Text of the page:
Jason: “Have you had any negative experiences derived from Magic and the social infrastructure that surrounds it?”

Danielle: “FNM was a little negative. No one was really open to me except Jason’s two friends who knew me outside of the game. But even then, when it was Magic time, Danielle didn’t exist. Even after, when we went out to eat the entire conversation was based around Magic and I just sat there. This has gotten a little better since I’ve learned to play because now I understand the conversation, even though I’m still not really part of it. However, I did have one experience that made me never want to go back to FNM for a long time. A player approached me and told me that if I was bored I could go sleep in his truck with his wife. When I stammered and said no thank you his next response shocked me. He told me that I’d have fun because his wife was bi-sexual. I had no idea how to even respond and didn’t say anything, just stood there in disbelief until he finally said ‘hey, had to try, right?’ and walked away. It made me feel so uncomfortable and dirty. How could you talk to someone you don’t even know that way? It was by far on of the worst experience I’ve had in any social setting, let alone the Magic scene.”

Jason: “Have you had any positive experiences derived from the social aspect of Magic?”

Danielle: “Yes, Jason had a few really nice friends that went to FNM. One of them even tried to teach me to play in between their games. However, his opponent seemed frustrated that he was focusing on teach me, and not the game itself. So, even this nice gesture from one player was ruined by another who just didn’t seem to care about anything except their own experience.”

Jason: “Would you ever play Magic with more than just your significant other? Why yes or no?”

Danielle: “I probably would not. Sometimes I think about it, but I really feel like people won’t want to play against me. I think I can play against players I know, but I could never go play at FNM because I’m still new and the players wouldn’t care enough to help a new player and that my experience would therefore be negative. I’ll stick to just playing on the kitchen table with Jason, his brother, or maybe one of our other friends.”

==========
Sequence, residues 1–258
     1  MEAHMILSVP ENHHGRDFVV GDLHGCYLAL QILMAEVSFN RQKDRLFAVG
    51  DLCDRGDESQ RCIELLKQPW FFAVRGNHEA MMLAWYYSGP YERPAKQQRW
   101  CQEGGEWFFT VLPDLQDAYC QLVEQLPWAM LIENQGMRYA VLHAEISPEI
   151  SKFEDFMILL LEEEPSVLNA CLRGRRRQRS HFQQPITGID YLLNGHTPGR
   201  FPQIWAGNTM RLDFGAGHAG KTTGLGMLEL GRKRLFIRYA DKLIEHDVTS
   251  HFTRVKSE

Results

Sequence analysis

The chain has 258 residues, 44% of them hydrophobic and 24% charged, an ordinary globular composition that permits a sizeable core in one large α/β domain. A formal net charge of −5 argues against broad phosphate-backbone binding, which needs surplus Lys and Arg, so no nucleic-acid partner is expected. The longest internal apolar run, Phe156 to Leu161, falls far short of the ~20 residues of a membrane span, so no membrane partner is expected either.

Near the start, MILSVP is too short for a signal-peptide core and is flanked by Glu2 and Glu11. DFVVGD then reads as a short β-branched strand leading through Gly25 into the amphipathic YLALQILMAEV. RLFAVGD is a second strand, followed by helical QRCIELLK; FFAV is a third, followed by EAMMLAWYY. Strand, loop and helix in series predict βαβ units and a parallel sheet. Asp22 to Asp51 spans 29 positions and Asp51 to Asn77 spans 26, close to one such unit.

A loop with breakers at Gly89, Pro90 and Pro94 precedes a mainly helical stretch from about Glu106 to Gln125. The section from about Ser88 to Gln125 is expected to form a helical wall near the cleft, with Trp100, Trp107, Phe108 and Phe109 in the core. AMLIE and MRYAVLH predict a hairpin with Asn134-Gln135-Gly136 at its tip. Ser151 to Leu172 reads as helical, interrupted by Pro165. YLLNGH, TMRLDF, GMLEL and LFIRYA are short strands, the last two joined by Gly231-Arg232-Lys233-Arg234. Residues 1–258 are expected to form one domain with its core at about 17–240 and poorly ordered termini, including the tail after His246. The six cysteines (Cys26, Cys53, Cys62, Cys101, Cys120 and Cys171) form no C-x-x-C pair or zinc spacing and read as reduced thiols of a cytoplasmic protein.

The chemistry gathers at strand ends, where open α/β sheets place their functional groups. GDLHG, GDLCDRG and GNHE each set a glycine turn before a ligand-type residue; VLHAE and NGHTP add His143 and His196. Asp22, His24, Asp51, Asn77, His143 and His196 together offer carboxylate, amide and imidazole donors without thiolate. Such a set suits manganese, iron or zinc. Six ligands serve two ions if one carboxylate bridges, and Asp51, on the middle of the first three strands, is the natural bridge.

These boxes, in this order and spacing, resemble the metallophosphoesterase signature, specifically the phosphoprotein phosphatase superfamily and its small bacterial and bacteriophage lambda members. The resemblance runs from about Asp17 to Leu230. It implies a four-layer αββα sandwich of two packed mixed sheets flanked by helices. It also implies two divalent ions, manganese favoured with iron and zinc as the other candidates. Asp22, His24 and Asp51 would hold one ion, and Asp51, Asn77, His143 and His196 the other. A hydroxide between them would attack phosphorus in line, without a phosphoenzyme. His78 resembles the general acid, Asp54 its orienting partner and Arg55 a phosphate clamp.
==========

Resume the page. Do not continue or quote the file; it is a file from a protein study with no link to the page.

Jason: “What could the magic playing community do to make it more desirable for you to interact and possibly play with them?’

Danielle: “Very bluntly, stop being fucking douche-bags. Stop acting like you’re better than everyone else just because you play Magic the Gathering for a while and know what you’re doing. Be more open to people. Stop acting like you live in your mom’s basement and have no social skills. I know it’s difficult, because you’re like “I’m so BAMF”, but you need to stop. You’re pushing away new players. Learn how to talk to girls. Don’t just hit on us. It’s inappropriate, especially in a competitive format. If you want to talk to us, try introducing yourself and talking to us like we’re real human beings.”

 There we have it straight from a female’s mouth to my own ears. The articles going up around the web on this subject hold truths. Maybe instead of fighting back against these views, and as male Magic players we should step back and re-evaluate ourselves. We need to see our faults for what they are and begin changing them. We want the game we play to do well. Magic is approaching is 20 year mark and has achieved a longevity that no other card game can hold a candle to. If we want Magic to last another 20 years it needs new players. If our actions are causing new players, whether male or female, to have negative experiences then we are being detrimental to the game’s survival. Women are people too and can be just as competitive as men are. Trust me; you should see Danielle sling burn sometime. We need to accept female players and to begin treating them appropriately. This doesn’t mean we treat them with little-kid gloves, but we should be understanding and helpful, not as Danielle puts it, “Douche-bags”.


Part 2: Brena and Sean